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Inadequate physical activity may boost genetic risk of obesity

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London, Oct 22: Researchers have found that low levels of physical activity and inefficient sleep patterns may intensify the effects of genetic risk factors for obesity.

“We wanted to find out if obesity-related genes and activity level have an interactive effect on obesity risk – if there is a ‘double whammy’ effect of being both at genetic risk and physically inactive beyond the additive effect of these factors,” said the study’s lead author Andrew Wood, a researcher at the University of Exeter Medical School.

The new study made use of wrist accelerometer data and a large genetic dataset from about 85,000 UK Biobank participants aged 40 to 70.

The researchers computed a genetic risk score for each participant based on 76 common variants known to be associated with elevated risk of obesity and analyzed this score in the context of accelerometer data and participants’ BMIs.

They found the strongest evidence to date of a modest gene-activity interaction.

For example, for a person of average height with 10 genetic variants associated with obesity, the genetic risk accounted for a 3.6 kg increase in weight among those who were less physically active but just 2.8 kg among those who were more active.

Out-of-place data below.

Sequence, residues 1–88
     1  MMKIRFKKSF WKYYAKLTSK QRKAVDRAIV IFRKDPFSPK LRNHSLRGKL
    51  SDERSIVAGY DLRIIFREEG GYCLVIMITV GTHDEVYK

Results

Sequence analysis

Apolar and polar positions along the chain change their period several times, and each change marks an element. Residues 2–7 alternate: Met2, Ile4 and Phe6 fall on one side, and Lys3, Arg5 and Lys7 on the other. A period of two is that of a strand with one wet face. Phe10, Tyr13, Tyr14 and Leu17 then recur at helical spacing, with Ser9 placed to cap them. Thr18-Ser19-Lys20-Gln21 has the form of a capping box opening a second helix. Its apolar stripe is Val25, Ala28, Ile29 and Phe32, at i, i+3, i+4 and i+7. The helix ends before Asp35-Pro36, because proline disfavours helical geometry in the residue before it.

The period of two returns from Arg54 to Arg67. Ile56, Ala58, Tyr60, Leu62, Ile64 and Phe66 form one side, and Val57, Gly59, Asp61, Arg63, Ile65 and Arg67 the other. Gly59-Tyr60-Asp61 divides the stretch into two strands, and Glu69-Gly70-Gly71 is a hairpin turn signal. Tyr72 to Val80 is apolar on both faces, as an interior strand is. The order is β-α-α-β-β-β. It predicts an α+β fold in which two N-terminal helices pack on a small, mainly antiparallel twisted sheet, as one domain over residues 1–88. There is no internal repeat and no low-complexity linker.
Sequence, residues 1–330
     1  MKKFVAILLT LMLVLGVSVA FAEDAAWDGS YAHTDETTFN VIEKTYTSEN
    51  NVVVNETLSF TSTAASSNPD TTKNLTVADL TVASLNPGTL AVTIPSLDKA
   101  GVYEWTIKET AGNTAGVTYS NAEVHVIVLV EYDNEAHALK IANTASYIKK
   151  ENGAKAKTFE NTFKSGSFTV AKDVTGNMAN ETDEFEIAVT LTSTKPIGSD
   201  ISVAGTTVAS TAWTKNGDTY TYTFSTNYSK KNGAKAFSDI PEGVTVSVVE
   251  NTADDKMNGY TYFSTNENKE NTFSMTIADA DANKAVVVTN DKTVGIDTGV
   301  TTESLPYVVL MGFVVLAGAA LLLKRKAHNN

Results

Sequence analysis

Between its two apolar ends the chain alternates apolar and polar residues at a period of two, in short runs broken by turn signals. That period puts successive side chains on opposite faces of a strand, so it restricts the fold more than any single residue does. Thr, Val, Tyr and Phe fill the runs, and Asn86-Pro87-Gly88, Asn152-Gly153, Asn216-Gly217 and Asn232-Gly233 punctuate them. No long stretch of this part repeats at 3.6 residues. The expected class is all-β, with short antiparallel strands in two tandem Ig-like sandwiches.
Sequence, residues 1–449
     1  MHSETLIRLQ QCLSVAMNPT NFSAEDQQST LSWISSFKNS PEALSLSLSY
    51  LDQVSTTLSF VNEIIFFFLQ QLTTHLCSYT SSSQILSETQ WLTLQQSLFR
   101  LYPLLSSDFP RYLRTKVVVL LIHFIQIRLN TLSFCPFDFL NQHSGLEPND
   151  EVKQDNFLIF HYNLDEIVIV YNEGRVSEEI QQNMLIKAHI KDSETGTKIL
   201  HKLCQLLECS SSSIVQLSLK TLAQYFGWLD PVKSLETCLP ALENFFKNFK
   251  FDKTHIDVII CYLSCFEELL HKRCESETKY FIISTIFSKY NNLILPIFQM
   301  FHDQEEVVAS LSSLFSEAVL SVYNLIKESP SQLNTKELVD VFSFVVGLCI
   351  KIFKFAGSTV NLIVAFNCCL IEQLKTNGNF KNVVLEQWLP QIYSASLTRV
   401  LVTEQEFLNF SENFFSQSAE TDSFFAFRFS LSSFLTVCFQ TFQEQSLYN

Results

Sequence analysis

The results were similar in analyses of sleep patterns. Among the participants with some genetic risk of obesity, those who woke up frequently or slept more restlessly had higher BMIs than those who slept more efficiently.

The results of the study was presented at the American Society of Human Genetics (ASHG) 2017 annual meeting in Orlando.

“We hope these findings will inform clinicians who help people lose or maintain their weight and contribute to the understanding that obesity is complex and its prevention may look different for different people,” said Timothy Frayling, Professor at the University of Exeter Medical School.

IANS

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Ebola death toll rises to 200 in Congo